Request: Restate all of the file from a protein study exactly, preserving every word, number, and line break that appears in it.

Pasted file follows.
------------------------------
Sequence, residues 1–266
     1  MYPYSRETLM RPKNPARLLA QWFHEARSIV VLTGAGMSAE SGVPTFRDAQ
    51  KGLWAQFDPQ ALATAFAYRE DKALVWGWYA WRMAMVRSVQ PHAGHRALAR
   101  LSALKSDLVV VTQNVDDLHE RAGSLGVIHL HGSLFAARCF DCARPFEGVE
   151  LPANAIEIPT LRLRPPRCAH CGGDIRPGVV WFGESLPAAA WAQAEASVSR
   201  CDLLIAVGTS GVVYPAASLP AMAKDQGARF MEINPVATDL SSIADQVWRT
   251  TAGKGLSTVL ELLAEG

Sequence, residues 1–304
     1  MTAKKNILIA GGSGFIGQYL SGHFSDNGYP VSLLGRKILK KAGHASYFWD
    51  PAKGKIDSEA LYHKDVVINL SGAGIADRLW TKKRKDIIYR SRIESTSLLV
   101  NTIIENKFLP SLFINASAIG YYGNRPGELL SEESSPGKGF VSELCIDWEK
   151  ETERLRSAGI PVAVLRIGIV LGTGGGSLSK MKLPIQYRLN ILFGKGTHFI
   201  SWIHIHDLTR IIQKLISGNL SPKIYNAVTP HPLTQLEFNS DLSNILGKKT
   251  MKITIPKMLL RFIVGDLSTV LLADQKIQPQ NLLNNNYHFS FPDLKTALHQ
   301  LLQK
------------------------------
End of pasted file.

Sequence, residues 1–266
     1  MYPYSRETLM RPKNPARLLA QWFHEARSIV VLTGAGMSAE SGVPTFRDAQ
    51  KGLWAQFDPQ ALATAFAYRE DKALVWGWYA WRMAMVRSVQ PHAGHRALAR
   101  LSALKSDLVV VTQNVDDLHE RAGSLGVIHL HGSLFAARCF DCARPFEGVE
   151  LPANAIEIPT LRLRPPRCAH CGGDIRPGVV WFGESLPAAA WAQAEASVSR
   201  CDLLIAVGTS GVVYPAASLP AMAKDQGARF MEINPVATDL SSIADQVWRT
   251  TAGKGLSTVL ELLAEG

Sequence, residues 1–304
     1  MTAKKNILIA GGSGFIGQYL SGHFSDNGYP VSLLGRKILK KAGHASYFWD
    51  PAKGKIDSEA LYHKDVVINL SGAGIADRLW TKKRKDIIYR SRIESTSLLV
   101  NTIIENKFLP SLFINASAIG YYGNRPGELL SEESSPGKGF VSELCIDWEK
   151  ETERLRSAGI PVAVLRIGIV LGTGGGSLSK MKLPIQYRLN ILFGKGTHFI
   201  SWIHIHDLTR IIQKLISGNL SPKIYNAVTP HPLTQLEFNS DLSNILGKKT
   251  MKITIPKMLL RFIVGDLSTV LLADQKIQPQ NLLNNNYHFS FPDLKTALHQ
   301  LLQK